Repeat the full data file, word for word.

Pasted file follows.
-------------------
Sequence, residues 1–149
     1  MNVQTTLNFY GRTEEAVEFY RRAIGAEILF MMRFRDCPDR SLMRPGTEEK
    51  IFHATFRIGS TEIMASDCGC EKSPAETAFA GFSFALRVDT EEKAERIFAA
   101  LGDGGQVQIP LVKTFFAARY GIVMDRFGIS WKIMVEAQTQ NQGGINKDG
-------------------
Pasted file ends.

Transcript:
Sequence, residues 1–149
     1  MNVQTTLNFY GRTEEAVEFY RRAIGAEILF MMRFRDCPDR SLMRPGTEEK
    51  IFHATFRIGS TEIMASDCGC EKSPAETAFA GFSFALRVDT EEKAERIFAA
   101  LGDGGQVQIP LVKTFFAARY GIVMDRFGIS WKIMVEAQTQ NQGGINKDG